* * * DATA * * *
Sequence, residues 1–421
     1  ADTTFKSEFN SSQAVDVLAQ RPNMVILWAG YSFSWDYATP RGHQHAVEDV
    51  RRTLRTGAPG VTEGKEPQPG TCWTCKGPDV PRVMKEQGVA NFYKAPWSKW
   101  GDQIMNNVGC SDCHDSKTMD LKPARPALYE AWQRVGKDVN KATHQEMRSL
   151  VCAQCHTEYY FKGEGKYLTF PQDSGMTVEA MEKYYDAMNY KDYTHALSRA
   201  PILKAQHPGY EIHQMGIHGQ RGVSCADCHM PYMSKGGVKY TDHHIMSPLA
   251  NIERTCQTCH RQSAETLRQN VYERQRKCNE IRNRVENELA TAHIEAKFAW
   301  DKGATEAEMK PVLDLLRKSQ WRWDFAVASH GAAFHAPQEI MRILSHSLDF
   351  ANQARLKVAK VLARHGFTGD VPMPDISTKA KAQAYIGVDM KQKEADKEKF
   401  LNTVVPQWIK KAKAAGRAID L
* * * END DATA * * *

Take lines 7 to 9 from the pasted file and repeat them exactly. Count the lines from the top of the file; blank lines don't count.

   251  NIERTCQTCH RQSAETLRQN VYERQRKCNE IRNRVENELA TAHIEAKFAW
   301  DKGATEAEMK PVLDLLRKSQ WRWDFAVASH GAAFHAPQEI MRILSHSLDF
   351  ANQARLKVAK VLARHGFTGD VPMPDISTKA KAQAYIGVDM KQKEADKEKF